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Impact of Consanguinity on Fertility and Mortality

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Impact of Consanguinity on Fertility and Mortality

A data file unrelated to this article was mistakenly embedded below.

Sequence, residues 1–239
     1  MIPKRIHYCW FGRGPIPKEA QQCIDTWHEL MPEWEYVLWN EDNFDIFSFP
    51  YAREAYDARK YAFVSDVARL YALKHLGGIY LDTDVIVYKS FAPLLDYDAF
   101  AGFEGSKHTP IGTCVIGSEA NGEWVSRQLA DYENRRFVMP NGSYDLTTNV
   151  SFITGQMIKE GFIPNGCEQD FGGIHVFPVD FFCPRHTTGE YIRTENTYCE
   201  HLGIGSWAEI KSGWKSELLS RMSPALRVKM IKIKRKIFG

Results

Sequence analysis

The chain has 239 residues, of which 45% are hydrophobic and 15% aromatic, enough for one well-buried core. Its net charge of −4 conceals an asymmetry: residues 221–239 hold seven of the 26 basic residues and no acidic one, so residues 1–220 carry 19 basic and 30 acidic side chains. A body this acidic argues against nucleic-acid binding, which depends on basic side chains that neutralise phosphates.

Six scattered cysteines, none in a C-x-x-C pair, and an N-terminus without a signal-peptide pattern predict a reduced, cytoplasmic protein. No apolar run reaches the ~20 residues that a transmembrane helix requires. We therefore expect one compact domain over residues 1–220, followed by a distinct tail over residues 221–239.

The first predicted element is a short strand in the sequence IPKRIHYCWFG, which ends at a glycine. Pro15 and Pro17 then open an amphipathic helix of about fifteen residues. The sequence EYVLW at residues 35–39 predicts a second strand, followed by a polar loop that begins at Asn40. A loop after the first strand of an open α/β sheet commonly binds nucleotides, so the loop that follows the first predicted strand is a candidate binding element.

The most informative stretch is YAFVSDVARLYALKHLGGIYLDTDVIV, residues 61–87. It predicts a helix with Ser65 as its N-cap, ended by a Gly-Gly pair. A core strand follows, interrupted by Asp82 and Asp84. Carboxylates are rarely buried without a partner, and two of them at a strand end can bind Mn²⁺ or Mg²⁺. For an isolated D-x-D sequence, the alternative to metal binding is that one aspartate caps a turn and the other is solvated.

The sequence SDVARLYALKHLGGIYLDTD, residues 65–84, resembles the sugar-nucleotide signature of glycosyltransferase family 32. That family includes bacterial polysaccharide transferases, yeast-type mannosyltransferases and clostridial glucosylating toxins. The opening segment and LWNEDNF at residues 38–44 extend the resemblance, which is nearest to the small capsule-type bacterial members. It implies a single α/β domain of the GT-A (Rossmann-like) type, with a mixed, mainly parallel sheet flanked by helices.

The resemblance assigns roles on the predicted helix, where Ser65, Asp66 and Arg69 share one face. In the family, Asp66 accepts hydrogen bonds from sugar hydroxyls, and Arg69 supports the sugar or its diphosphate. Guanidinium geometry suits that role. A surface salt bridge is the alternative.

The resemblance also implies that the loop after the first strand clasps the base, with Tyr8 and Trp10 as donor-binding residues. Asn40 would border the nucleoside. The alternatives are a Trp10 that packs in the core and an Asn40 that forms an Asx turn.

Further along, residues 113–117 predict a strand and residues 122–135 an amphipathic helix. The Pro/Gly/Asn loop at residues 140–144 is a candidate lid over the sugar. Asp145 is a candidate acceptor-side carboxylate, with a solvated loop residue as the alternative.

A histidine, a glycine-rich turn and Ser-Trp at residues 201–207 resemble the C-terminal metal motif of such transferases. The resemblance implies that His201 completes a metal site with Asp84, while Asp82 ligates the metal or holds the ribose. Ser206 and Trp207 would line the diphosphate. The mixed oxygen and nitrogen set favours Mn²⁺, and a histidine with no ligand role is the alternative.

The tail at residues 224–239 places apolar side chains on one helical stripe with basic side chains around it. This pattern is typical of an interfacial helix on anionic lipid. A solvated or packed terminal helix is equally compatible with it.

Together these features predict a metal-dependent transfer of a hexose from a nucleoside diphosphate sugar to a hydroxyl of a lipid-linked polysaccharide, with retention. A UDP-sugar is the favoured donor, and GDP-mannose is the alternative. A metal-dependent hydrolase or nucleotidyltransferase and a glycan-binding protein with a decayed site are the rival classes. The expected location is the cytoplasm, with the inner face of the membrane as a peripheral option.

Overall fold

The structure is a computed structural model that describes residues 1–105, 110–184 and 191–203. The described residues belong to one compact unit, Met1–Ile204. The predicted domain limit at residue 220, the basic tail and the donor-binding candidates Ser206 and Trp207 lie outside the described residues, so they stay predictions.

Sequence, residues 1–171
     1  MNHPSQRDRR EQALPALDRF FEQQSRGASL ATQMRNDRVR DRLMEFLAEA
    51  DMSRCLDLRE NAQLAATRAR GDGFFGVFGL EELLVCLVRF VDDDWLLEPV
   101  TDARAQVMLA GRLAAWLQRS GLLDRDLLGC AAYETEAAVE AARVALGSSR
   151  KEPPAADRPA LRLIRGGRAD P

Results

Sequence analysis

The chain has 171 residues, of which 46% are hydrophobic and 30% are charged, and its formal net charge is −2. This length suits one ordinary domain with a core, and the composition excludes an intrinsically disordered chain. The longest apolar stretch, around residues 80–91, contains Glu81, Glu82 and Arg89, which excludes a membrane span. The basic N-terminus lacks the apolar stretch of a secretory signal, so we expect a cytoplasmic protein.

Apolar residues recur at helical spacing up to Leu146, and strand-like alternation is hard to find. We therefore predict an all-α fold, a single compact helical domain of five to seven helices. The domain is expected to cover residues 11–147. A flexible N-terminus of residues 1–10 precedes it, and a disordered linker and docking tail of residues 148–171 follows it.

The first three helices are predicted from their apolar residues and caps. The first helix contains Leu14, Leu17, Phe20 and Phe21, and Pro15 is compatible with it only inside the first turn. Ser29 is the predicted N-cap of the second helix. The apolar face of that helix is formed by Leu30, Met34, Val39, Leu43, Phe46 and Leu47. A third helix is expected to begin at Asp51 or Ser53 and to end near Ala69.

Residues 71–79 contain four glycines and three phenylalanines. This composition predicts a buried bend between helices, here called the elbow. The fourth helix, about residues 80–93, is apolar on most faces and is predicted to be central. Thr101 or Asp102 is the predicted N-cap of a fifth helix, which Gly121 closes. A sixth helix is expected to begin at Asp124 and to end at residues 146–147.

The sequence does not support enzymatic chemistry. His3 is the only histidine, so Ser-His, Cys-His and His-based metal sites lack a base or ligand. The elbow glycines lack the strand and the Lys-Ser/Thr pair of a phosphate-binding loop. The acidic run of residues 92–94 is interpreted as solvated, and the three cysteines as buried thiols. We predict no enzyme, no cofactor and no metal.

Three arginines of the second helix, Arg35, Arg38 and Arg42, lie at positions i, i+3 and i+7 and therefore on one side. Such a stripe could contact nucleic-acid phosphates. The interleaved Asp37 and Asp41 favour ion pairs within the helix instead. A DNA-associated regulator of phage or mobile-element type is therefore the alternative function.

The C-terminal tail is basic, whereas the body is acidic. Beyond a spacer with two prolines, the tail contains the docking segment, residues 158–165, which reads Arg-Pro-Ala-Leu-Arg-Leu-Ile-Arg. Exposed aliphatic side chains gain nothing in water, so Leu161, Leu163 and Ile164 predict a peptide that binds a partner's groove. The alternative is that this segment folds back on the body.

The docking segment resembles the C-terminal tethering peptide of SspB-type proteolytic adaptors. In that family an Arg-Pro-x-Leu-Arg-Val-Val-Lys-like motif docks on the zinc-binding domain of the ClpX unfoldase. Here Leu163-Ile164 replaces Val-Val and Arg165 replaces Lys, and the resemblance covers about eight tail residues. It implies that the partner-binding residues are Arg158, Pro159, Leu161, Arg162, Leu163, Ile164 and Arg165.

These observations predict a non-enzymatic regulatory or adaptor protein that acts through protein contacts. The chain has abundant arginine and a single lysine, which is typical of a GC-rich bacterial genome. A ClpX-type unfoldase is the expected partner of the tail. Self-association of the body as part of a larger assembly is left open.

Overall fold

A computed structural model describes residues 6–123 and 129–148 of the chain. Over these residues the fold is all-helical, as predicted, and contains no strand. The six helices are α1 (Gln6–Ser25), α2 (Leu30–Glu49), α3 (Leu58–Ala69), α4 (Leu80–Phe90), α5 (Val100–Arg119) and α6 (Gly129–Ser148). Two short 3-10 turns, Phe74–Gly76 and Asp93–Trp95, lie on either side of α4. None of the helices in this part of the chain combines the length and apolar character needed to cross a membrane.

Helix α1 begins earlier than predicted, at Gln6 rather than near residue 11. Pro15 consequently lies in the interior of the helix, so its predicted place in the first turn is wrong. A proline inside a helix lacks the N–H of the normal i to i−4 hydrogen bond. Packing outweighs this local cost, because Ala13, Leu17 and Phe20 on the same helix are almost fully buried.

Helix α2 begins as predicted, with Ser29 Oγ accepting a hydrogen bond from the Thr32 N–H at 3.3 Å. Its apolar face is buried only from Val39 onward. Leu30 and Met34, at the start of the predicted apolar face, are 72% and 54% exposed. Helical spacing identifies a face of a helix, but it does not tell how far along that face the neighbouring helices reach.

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   IOSR Journal Of Humanities And Social Science (IOSR-JHSS) Volume 19, Issue 4, Ver. II (Apr. 2014), PP 39-42 e-ISSN: 2279-0837, p-ISSN: 2279-0845. www.iosrjournals.org www.iosrjournals.org 39 | Page  Impact of Consanguinity on Fertility and Mortality Dr. K. Bharathi,  Assistant Professor, Guru GhasidasViswavidyalaya, Bilaspur, Chhattisgarh-495009 Abstract  :  An attempt is made to find out theparental consanguinity on inbreeding of Khond, a particularly vulnerable tribal group belonging to Visakhapatnam district of Andhra Pradesh. In a cross-sectional study of the tribe, socio-economic characteristics along with demographic data were collected using structured  schedule. Further the sample was selected through random sampling method and it was reported that out of 247 numbers of married women, 167 womenpreferred consanguineous marriages and remaining 80 women  preferred non-consanguineous marriages. The mean sex-linked   s value (0.0728) is slightly higher than the mean autosomal  a  value (0.0439). All fertility components are higher for consanguineous couples compared to the non- couples. The proportion of prenatal deaths was reported to be more among consanguineous unions while postnatal deaths were reported to be more among non-consanguineous unions. I.   Introduction Marriage is a component of population change but it has profound influence on fertility and mortality and it is the reason for deferment beyond the time of puberty (Cox, 2008). The age at which a female marries for the first time and enters the reproductive period of life has a great impact on the fertility. Even today the age at marriage is low and pre-pubertal marriages are prevalent among many tribal communities of India.Fertility and mortality are fundamental determinants of population growth in order to understand the changes in the genetic structure of a population. However, to understand human fertility, its variations among different groups and causes of the variations, it is necessary to analyze the mechanisms through which socio-economic variables influence fertility. The genetic variability present in any gene pool in the form of recessive mutations imposes a hereditary burden in population in the form of mortality and morbidity suffered by the homozygotes. This hereditary burden is referred as the genetic load, which has been defined in a number of ways by Muller (1950), Crow (1960), Wallace and Dobzhansky (1959). One approach currently used to estimate the load is from the data provided by consanguineous matings. The assumption in this approach is that deleterious mutations are recessive genes and their presence in the gene pool of a population should be revealed in the reproductive  performance of consanguineous matings. As the closely related individuals have a greater chance of carrying identical alleles, the children of consanguineous matings have a greater chance of being homozygous for rare recessive alleles than the children from non-consanguineous matings.The theoretical and methodological  problems involved in genetic load studies are many and Sanghvi (1966, 1974) questioned the Indian context. However, it is a known fact from several studies that there are reproductive inequalities in the consanguineous and non-consanguineous matings, and it is necessary to test the validity of the above hypothesis in a tribal  population practicing inbreeding since many generations. Fertility is slightly higher in the consanguineous groups than in the non-consanguineous groups due to lower age at marriage among JenuKuruba and KaduKuruba tribes(Mutharayappa, 2000).Biological as well as socio-cultural factors are responsible for the differential fertility and mortality among human populations (Elizabeth 2000; Emma Kerkeni et al. 2007; MostafizurRahman et al. 2008). Research studies repeatedly emphasize that biological and socio-cultural variables like age at menarche, age at marriage, type of marriage, economic levels, education (MamtaMurthi et al., 1995) and birth control methods have significant influence on the fertilityand mortality of a population (Meerambica et al. 1999; Das and Goswami 2004; Hammami 2005; Al- Kandari 2007; Bosch 2008; Koc 2008). So far no anthropological research work has been reported on Khondtribal group of Andhra Pradesh. Therefore, an attempt has been made to study the effects of parental consanguinity on inbreeding were assessed in terms of the number of pregnancies, live births and surviving children per woman, and total mortality that includes prenatal and postnatal deaths from the time of birth to reproduction. II.   Material and Methods For the present study, the primary data was collected from Visakhapatnam district of Andhra Pradesh which possesses a comparatively higher proportion of Khond tribal population. The currently married women of the age group 13to 45+ years were chosen as the respondents. A total of 247 couples from an endogamous group with at least one married woman in the house drawn from 26 villages selected from Chinthapalli, Pedabayalu   Impact of Consanguinity on Fertility and Mortality www.iosrjournals.org 40 | Page and G.Madugulamandals of Visakhapatnam district were interviewed in the sample survey.A pretested structured schedule was used to retrieve the information on demography by assuming randomsampling methodand consequently drawing pedigrees of the families. The data was subsequently cross-checked from neighbours, village elders, and as well as from the relatives residing nearby.Besides quantitative data, some qualitative information on fertility preference, norms and practices regarding health and conception were collected through key-informants, group discussions and informal interview. The data comprised the name of the head of the family, age of wife, husband and children, type of consanguineous relationship between spouses, marital status, income, age at menarche, age at marriage, differentials of fertility, differentials of mortality,measures of fertility and measures of mortality.Demographic data were analysed as per the standard techniques following Barclay (1958). Fertility data was measured by considering average number of conceptions, live-births and the total number of surviving children. However, mortality was measured by the number of prenatal deaths including abortions, miscarriages and stillbirths;by the number of post-natal deaths including neonatal, infantile, juvenile, child and adolescent deaths. Wright (1921) defined co- efficient of inbreeding “F” as correlation between uniting gametes, while Malecot (1948) defined as the probability that the homologous genes of uniting gametes are identical by descent. Thus “F” is the probability of autozygosity. The values of co -efficient of inbreeding for various kinds of consanguineous marriages for autosomal (Fa) and sex linked (Fs) genes are different. It is widely known that consanguineous marriages do not affect the genotype frequencies of sex linked genes in sons, since they possess a single “X” chromosome. However, for computing the coefficient of inbreeding for sex linked genes in a female, only the number of females in a pedigree is considered, leaving any path with two successive males. In the present investigation the following Wright‟s formula as illustrated by Rao (19 78) was used. F a   = ∑ C i . F ai  ; F s   = ∑ C i . F si  Where C i is the proportion of marriage type and F ai is the inbreeding coefficient for autosomal genes (F si ) for sex linked genes. The pooled data was computed by applying the software SPSS (Statistical Package for Social Sciences - Version 16) to draw final inference. III.   Results and Discussion The dependence of fertility on marriage is clearly very important. The age at which marriage occurs also has a considerable influence on fertility. This influence may operate in several ways such as early marriage  provides increased opportunities for producing and rearing children (Cox, 2008). Khond people are endogamous groups who mostly practice consanguineous marriages subsequently resulting in inbreeding. However, there is increase in the frequency of homozygosity which in turn affects the genetic structure of the population and non-consanguineous marriages encourage outbreeding giving chance to heterozygous condition. The mean age at marriage of the women is reported to be 15.37 years.The total number of pregnancies (118 pregnancies), the number of live births (117 live births) and surviving children (117 surviving children) are reported high among 15-16 years of age at marriage of women. The types of marriage and inbreeding coefficients of the present study are presented in Table 1. Out of 247 married couples, 167 women had practiced consanguineous marriages(67.61%)and80 women had non- consanguineous (32.38%) marriages. The mother‟s brother‟s daughter (MBD)type of marriage is predominant that accounted to ( 55.46%)than the father‟s sister‟s daughter (FSD) with a frequency of (9.31%) and Table 1: Distribution of Affinal and Consanguineous Marriages and Inbreeding Coefficient among Khond   Tribe Total Marriage N/ (%) Non- Consanguineous marriages Consanguineous marriages Inbreeding Co-efficient Uncle-niece FSD MBD Total Consanguineous *a **s Khond 247 N (%) 80 ( 32.38) 7 (2.83) 23 (9.31) 137 (55.46) 167 (67.61) 0.0439 0.0728 (Figures in parentheses indicate percentages) * a= Inbreeding Co-efficient for Autosomal genes ** s= Inbreeding Co-efficient for Sex-linked genes (2.83%) of women reported uncle-niece marriages. Further, the mean sex-linked ( S ) value (0.0728) is higher than the mean autosomal ( a ) value (0.0439 ), due to higher proportions of Mother‟s Brother‟s   Impact of Consanguinity on Fertility and Mortality www.iosrjournals.org 41 | Page Daughter and Uncle Niece type marriages.The fertility and mortality differentials in relation to consanguineous and non-consanguineous marriages are represented in Table 2. Table 2: Differential Fertility of Ever Pregnant Women based on type of Marriage Tribe Typesof Marriage N Conceptions Live births Surviving children  N N N Khond  Non-Consanguineous 73 234 3.20 225 3.08 176 2.41 Consanguineous 157 542 3.45 518 3.29 428 2.72 Total *230 776 3.37 743 (95.25) 3.23 604 (77.33) 2.62 *Excluding the infertile or never pregnant women (17 women) (Figures in parenthesis indicate percentage) Among the study sample, the overall live births reported 95.25% live births whereas the proportion of surviving children reported to be 77.33%. However, the trend of mean live births and number of surviving children among consanguineous matingsare higher (3.29) and (2.72) when compared to the mean values for non-consanguineous matings (3.29) and (2.41) respectively. Consanguineous marriages show slightly higher fertility rates when compared to non-consanguineous marriages. Table 3 shows that the proportion of prenatal death rates is higher (11%) among the women at 15-16 years of marriage age and the proportion of postnatal deaths of children account to 48.84% amongthe women at Table 3: Frequency distribution of Age at Marriage in relation to fertility and mortality (Figures in parenthesis indicate percentage) 17-18 years of age. However, these rates substantially differ when total sample is taken into consideration, wherein early age at marriage of women reported higher prenatal deaths reporting to 9.56% and  postnatal deaths recorded at 39.03% for Khond women. Table 4: Distribution of Mortality type among Consanguineous and Affinal marriages *  Includes neonatal deaths   It is observed from the Table 4, that the proportion of prenatal deaths is higher among the consanguineous mating (4.43%) than the non-consanguineous mating (3.85%) accounting to higher still births in consanguineous marriages.However, a reverse trend is observed in the case of postnatal deaths wherewomen of consanguineous union reported lower postnatal deaths (17.37%) than non-consanguineous unions which reported 21.18% postnatal deaths. Ageat Marriage Fertility and Mortality Number of Pregnancies Number of Live Births Total Surviving Prenatal deaths (%) Postnatal deaths (%) <12 12 12 12 1 (8.33) 5 (41.67) 13-14 50 49 47 5 (10.0) 20 (40.82) 15-16 118 117 117 13 (11.0) 41(35.04) 17-18 43 43 42 3(6.98) 21 (48.84) 19+ 7 7 6 0 2 (28.57) Total 230 228 224 22 (9.56) 89 (39.03) Tribe Mortality type Mating type Consanguineous Non-Consanuineous Total N % N % N % Khond Abortions 5 0.92 3 1.28 8 1.03 Miscarriages 3 0.55 0 - 3 0.39 Stillbirths 16 2.95 6 2.56 22 2.83 Pre-natal Deaths 24 4.43 9 3.85 33 4.25 (Preg. 542) (Preg.234) (Preg.776)  Neonatal 10 1.93 7 3.11 17 2.29 Infantile* 23 4.44 12 5.33 35 4.71 Juvenile 17 3.28 16 7.11 33 4.44 Adolescent 50 9.65 21 9.77 71 9.55 Post-natal Deaths 90 17.37 49 21.18 139 18.71 (LB:518) (LB:225) (LB:743)   Impact of Consanguinity on Fertility and Mortality www.iosrjournals.org 42 | Page  IV.   Conclusion   Khond population exhibitedslightly higher fertility rates among consanguineous matingsthan the non-consanguineous matings. Similarly prenatal mortality rates reported to be higher in consanguineous matings than non-consanguineous. However, Khond women reported higher postnatal deaths among non-consanguineous than consanguineous unions.Khond population treat children as economic assets to their familyand women are encouraged to produce more number of children resulting in higher fertility. Mortality is reported to be higher which can be attributed meagerattention and poor economic conditionsthat enable them tosubstantiate theirhealth needs especially resulting inchild mortality.However, improving socio-economic conditions, rigorous awareness, outreach and proper implementation of medical facilitiesbesides educating the mother about maternal care and health can improve the health status of the tribes.   Acknowledgements The data was collected with the help of financial assistance extended from University Grants Commission, New Delhi for the Major Research Project is gratefully acknowledged. The author wishes heartfelt thanks to University Grants Commission. The author also wishes thanks to all the Khond tribal people who have constantly co-operated in learning to know about their culture, health and demographic aspects.   References [1].   Al-Kandari YY. 2007 Fertility and its relationship with socio-cultural factors in Kuwaiti society. East Mediterranean Health Journal, 13(6),1364-71. [2].   Barclay, G.W. 1958. Techniques of population analysis. John Wiley & Sons, Inc., New York. [3].   Bosch Alinda M, Frans J Willekens, Baqui Abdullah H, Jeroen KS, Van Ginneken, IngeHutter. 2008 Association Between Age at menarche and early life nutritional status in rural Bangladesh. Journal of Biosocial Science, 40, 223  –  237. [4].   Cox, Peter, R. 2008Demography, Cambridge University Press, Cambridge, New York. [5].   Crow, J.F.1960 Mutation and Selective balance as factors influencing population fitness. In: Molecular Genetics and Human Disease. L.I.Gardner (ed)., Charles C.Thomas, Springfield, Illinois. [6].   Das,Rekha, Goswami,Mayuri. 2004 Fertility Performance of a Tea Working Population of Dibrugarh District, Assam. Journal of Human Ecology, 16(2), 119-123. [7].   Elizabeth A.M, Saraswathy K.N, Sachdeva M.P, RewaChaudhary, Kalla A.K,.2000 Demographic profile of Thoti: A primitive tribal population of Andhra Pradesh. Anthropologist, 2, 119-117. [8].   Emma Kerkeni, KamelMonastiri, BesmaSeket, MohmedNejiGhuediche, Hassen Ben Cheikh,. 2007 Interplay of socio-economic factors, consanguinity, fertility and offspring mortality in Monastir, Tnisia. Croat Med. Journal, 48 (5),701-707. [9].   Hammami A, Chalbi N Ben, Abdallah M, Elgazzeh M 2005. Effects of Consanguinity and Social factors on Mortality and Fertility in Mauritania. Tunis Med, 83(4), 221-226. [10].   Koc 2008 . Prevalence and Socio-Demographic correlates of consanguineous marriages in Turkey. Journal of Biosocial Science, 40(1), 137-48. [11].   Malecot,G.1948. Les Mathematiques de L‟Heredite. Masson. Paris. Cited from „Human Biology of the Chenchus of Andhra Pradesh‟, A Demo -Morpho- Genetic Study‟, by Sirajuddin, S.M. [12].   MamtaMurthi, Anne-Catherine Guio, Jean Dre`ze. 1995 Mortality, Fertility and Gender bias in India: A district level analysis, Population Council, Vol.21 (4), 745-782. [13].   MeerambicaMahapatro, Sachadeva MP, Kalla AK 1999. Demographic profile of Bhattara, Tribal population of Nowrangpur district, Orissa. Anthtropologist, 2:133-137. [14].   MostafizarRahman, IsmaiTareque, TanveerMahmood 2008. Effects of socio-demographic factors on fertility in Bangladesh: Cross-tabulation analysis. Social Sciences, 3(6), 436-441. [15].   Muller, H.J. 1950. “Our load of mutations”. Am.J.Hum.Genet.,2: 111 -76. [16].   Muthurayappa, R.2000Tribal Fertility, Mortality and Health Care Practices, Mittal Publications, New Delhi. [17].   Rao, P.S.S. 1978. Consanguinity and Inbreeding in India. Paper presented at the international symposium on population structure and human variation, Bombay, Dec 18-21. [18].   Sanghvi, L.D.1966. “Inbreeding in India”. Eugen. Quat., 13:291 -301. [19].   Sanghvi, L.D. 1974. The genetic consequences of inbreeding and outbreeding in the role of natural selection in human evolution. A BurgWartenstein Symposium. No.63. [20].   Wallace, B. and T. Dobzhansky. 1959. Radiation, genes and man. Henry Holt, New York. [21].   Wright, S. (1921). Systems of mating. Genetics 6: 111-178.